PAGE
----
Dundalk (Ireland) (AFP) – The European Commission’s chief Brexit negotiator Michel Barnier warned the talks were at “risk” because of disagreements over the future of the Irish border after Britain leaves the European Union.
At a press conference during his visit to Ireland, Barnier called for a “clear and operational solution for Ireland” to be included in the Brexit deal, adding: “Until we reach this agreement, there is a risk”.
Irish Prime Minister Leo Varadkar warned that Britain’s “approach to negotiations will need to change in some way” if there is to be agreement over the issue.
London has committed to avoid a “hard border” with checkpoints between British-ruled Northern Ireland and EU-member Ireland, which all sides agree is vital to maintaining the 1998 Good Friday peace accords.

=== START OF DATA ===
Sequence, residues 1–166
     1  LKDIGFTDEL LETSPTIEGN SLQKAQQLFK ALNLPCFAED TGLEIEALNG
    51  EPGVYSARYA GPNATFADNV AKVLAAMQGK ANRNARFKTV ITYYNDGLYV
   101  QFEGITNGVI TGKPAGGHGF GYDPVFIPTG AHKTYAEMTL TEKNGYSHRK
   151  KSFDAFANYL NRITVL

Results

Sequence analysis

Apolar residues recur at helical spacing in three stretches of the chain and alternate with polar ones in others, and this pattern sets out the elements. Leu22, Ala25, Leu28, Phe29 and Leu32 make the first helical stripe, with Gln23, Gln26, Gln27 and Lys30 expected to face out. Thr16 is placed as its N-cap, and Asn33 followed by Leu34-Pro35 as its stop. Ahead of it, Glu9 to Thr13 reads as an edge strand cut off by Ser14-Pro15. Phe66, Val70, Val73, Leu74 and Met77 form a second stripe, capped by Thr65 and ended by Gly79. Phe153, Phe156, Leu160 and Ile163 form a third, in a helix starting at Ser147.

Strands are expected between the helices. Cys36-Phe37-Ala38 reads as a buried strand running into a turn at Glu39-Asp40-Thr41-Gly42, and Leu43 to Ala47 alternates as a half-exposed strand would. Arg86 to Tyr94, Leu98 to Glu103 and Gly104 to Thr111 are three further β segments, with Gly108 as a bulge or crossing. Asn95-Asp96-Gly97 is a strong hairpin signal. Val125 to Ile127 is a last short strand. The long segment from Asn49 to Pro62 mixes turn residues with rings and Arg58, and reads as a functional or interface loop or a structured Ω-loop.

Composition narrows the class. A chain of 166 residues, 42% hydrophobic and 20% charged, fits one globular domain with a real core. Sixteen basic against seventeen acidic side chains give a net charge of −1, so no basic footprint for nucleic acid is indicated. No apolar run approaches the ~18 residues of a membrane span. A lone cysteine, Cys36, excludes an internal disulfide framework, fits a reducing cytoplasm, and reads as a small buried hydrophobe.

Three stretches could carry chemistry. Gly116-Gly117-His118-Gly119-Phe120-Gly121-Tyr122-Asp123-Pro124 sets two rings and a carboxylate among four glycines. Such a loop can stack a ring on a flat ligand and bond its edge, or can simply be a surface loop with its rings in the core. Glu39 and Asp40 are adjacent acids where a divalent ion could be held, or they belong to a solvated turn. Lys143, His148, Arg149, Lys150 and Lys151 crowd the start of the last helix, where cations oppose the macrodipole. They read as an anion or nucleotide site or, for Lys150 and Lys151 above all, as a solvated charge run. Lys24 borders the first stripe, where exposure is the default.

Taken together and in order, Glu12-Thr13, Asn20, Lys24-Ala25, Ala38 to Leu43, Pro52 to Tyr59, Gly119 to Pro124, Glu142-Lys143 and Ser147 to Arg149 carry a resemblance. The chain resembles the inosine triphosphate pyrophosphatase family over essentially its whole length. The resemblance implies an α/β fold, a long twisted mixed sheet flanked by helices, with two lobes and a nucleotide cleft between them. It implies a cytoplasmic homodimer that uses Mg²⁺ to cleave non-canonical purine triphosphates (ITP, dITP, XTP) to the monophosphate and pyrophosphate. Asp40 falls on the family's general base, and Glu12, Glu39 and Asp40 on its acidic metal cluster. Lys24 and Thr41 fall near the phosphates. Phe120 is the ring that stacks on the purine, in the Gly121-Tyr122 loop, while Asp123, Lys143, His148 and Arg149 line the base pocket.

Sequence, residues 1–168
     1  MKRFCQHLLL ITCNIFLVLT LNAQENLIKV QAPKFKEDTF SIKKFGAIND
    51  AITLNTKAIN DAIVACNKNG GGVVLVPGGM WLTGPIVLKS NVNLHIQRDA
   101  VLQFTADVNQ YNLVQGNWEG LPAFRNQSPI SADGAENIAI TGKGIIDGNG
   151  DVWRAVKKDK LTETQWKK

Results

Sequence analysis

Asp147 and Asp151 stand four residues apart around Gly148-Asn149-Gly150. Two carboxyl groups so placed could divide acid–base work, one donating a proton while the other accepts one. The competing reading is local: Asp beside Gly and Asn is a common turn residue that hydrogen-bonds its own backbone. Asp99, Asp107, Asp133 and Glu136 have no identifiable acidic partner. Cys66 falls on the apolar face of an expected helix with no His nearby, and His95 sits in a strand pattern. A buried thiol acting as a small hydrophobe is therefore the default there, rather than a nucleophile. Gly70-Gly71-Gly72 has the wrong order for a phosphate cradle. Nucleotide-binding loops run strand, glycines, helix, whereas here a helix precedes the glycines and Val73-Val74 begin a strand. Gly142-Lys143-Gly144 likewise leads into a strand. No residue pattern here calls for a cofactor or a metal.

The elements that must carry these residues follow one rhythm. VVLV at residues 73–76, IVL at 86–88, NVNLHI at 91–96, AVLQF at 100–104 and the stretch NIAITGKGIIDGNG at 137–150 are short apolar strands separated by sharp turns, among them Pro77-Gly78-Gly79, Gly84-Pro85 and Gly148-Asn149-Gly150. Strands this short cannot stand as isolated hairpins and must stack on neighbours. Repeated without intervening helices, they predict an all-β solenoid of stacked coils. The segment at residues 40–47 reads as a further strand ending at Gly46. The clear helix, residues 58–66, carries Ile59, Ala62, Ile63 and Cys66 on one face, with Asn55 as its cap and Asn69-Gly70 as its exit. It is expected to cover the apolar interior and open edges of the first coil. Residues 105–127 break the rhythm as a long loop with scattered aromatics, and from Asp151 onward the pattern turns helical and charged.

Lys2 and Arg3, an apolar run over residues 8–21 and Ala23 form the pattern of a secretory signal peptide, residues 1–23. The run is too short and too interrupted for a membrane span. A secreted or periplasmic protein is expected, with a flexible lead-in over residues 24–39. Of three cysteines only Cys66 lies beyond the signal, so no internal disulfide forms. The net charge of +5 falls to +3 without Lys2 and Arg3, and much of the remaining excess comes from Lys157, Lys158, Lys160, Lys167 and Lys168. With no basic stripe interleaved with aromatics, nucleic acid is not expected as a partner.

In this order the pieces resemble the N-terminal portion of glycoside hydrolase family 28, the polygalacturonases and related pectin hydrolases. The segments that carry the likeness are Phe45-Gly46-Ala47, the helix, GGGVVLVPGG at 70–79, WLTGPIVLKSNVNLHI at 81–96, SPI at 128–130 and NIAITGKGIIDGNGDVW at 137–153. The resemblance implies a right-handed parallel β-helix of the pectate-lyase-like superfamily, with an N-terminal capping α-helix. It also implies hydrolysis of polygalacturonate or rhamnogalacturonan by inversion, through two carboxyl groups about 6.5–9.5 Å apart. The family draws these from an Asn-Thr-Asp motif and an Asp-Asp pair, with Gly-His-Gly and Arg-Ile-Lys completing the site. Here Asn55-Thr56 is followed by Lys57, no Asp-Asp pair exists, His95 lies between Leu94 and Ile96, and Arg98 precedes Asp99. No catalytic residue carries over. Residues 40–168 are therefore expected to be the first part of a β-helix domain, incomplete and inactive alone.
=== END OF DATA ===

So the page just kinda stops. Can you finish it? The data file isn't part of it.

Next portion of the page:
However, it has also said it will not enter into a customs union with the EU post-Brexit, and has been urged to find a solution to reconcile the two positions.
The EU has suggested a “backstop” proposal, in which only Northern Ireland stays in a customs union with the EU post-Brexit, could be a possible solution.
“The backstop we put in the draft treaty, is not there to change the UK red lines, it is there because of the UK red lines, because of the red lines on the customs union and single market,” said Barnier.
Ireland foreign minister Simon Coveney said that “substantial progress” needed to be made by June’s European Council meeting.